For Congress, not much would change. Because of population loss, the existing District 4 and 5 will edge a bit more south, and marginal boundary changes accrue to the remainder. These come from a couple of bills, which don’t differ much, filed by the Republican leadership of the Senate and House.

These will prevail over alternatives fronted by Senate Democrats not only because of the large GOP majorities in each chamber, but also because those plans have serious questions concerning their constitutionality since they draw districts with race as the predominant factor, both featuring a meandering majority-minority district that slices off black population from five metropolitan areas, in the process splitting four among two and Baton Rouge among three districts (they also have wider population variances than the courts might accept).


Impeach Edwards for misleading on Greene death

We now know what he knew and when he knew it. And that makes appropriate the impeachment, conviction, and removal from office of Democrat Gov. John Bel Edwards.

Several times this space (most recently), as well as its author over the airwaves, has asked what did Edwards know about the events leading to the death of black motorist Ronald Greene. Courtesy of an Associated Press investigation, the answer is almost immediately and enough.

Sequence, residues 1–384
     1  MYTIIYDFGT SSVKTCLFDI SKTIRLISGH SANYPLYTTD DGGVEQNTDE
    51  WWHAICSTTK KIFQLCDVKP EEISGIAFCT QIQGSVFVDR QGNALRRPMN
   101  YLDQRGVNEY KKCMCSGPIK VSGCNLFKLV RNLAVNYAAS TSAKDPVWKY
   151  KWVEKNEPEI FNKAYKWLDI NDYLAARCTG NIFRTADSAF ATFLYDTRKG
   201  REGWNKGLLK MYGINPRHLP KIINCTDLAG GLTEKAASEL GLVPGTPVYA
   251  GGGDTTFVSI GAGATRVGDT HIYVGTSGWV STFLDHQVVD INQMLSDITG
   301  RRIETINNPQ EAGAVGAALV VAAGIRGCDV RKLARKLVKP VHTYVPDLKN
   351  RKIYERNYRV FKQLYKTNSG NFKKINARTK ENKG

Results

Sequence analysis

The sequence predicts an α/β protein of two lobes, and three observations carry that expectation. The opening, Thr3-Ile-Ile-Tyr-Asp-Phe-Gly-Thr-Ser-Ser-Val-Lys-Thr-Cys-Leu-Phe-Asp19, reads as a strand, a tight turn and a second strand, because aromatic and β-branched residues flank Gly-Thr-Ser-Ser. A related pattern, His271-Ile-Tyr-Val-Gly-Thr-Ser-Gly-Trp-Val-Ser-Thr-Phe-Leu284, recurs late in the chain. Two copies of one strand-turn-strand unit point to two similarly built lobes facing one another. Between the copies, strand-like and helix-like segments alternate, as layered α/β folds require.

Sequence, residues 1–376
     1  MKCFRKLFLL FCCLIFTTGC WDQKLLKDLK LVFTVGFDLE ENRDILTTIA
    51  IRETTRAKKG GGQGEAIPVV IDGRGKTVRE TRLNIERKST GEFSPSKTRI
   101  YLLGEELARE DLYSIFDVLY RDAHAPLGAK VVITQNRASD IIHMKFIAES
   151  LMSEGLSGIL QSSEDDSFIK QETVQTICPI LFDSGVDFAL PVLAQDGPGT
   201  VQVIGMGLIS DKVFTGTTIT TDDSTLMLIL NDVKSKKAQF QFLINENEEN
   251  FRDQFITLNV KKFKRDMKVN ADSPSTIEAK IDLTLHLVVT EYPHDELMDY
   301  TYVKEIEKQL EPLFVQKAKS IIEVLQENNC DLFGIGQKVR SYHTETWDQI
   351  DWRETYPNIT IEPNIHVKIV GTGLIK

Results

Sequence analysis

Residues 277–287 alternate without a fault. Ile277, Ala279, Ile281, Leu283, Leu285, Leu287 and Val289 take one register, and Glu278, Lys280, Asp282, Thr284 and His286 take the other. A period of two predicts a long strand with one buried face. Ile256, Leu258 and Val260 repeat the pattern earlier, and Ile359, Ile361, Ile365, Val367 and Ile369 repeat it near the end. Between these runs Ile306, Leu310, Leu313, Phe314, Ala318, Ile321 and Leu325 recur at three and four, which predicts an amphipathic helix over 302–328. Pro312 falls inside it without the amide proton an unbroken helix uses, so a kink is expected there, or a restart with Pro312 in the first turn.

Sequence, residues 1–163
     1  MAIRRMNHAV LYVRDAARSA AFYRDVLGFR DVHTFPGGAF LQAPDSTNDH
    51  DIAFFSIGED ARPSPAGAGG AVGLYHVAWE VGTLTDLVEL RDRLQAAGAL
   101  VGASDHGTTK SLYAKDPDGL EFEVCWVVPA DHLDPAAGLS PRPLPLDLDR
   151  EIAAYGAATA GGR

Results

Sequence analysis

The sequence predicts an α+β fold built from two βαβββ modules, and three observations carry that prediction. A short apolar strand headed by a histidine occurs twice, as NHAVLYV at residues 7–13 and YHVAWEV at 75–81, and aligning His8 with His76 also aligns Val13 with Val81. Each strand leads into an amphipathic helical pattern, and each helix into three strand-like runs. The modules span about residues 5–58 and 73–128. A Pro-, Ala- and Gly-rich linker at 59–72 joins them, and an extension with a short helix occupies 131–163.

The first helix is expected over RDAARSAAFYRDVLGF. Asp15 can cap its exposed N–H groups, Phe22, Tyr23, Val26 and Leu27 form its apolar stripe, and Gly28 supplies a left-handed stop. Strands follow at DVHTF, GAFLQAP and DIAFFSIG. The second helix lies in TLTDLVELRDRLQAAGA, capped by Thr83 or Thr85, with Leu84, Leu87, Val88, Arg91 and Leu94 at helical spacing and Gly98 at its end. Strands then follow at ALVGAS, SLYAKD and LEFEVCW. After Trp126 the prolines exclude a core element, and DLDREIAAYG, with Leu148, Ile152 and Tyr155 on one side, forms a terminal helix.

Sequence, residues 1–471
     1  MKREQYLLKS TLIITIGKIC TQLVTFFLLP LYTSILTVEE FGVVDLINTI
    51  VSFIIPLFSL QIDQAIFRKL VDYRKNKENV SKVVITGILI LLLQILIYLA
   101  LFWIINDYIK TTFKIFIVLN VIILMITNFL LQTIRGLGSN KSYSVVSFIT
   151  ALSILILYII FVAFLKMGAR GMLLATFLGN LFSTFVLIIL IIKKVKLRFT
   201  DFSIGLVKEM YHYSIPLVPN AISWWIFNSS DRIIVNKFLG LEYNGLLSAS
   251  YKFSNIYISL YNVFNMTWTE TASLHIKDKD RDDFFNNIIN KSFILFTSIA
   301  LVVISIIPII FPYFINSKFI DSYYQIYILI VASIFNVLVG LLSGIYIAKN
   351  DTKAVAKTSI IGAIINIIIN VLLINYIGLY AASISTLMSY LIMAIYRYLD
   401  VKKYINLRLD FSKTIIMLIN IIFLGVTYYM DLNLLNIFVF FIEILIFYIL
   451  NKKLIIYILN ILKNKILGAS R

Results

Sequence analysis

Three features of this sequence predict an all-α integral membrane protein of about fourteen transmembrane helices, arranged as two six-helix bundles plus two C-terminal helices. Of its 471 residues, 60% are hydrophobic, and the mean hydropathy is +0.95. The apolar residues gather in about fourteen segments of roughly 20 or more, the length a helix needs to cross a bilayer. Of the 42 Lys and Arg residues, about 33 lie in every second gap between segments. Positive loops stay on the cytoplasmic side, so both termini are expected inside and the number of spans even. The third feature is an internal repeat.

Greene died after a high-speed chase by Louisiana State Police ended with a low-impact crash, whereupon troopers apprehended him from the vehicle, constricted him by restraint, and, as an impartial autopsy (in lieu of one influenced by misinformation provided by the LSP) revealed, beat him to death. That was in the early morning hours of May 10, 2019, when Edwards was a half-year out from trying to win reelection.


BC should embrace SporTran Barksdale extension

After a “listening session” earlier this month about extending SporTran service into south Bossier City, recent agendas of the City Council suggest it and Republican Mayor Tommy Chandler will let the matter drop. If so, they should rethink that decision.

Late last year, SporTran announced it would create a new route essentially lengthening bus access from the Barksdale Air Force Base main entrance south along Barksdale Blvd. all the way to a turnaround at Parkway High School. At present, routes that traipse though the city allow riders to stop as far east as Louisiana Downs, just north of Interstate 220 at Airline Dr. and Benton Rd., and westerly to Old Bossier City/East Bank/Louisiana Boardwalk, traversing all the main arteries. The routes also connect through downtown Shreveport, the outskirts of Shreveport’s Stoner Hill and Highland neighborhoods, and along Kings Highway and Shreveport-Barksdale Highway.

Adding the proposed Barksdale Blvd. route would allow southern city residents to access seamlessly all of these endpoints in Bossier City, as well as major employers, government agencies, and health care facilities close to the routes in Shreveport (if in a somewhat time-consuming manner). It also could allow for Shreveporters and Bossier Citians north of Barksdale AFB to come into south Bossier City, mainly for employment purposes, and for southern residents easier access to area amenities such as shopping.